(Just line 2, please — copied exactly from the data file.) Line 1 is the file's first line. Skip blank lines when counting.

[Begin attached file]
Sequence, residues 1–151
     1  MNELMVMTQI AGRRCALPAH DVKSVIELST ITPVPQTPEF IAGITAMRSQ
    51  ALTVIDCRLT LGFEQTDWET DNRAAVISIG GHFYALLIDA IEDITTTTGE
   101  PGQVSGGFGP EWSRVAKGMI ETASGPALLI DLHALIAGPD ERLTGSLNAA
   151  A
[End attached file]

     1  MNELMVMTQI AGRRCALPAH DVKSVIELST ITPVPQTPEF IAGITAMRSQ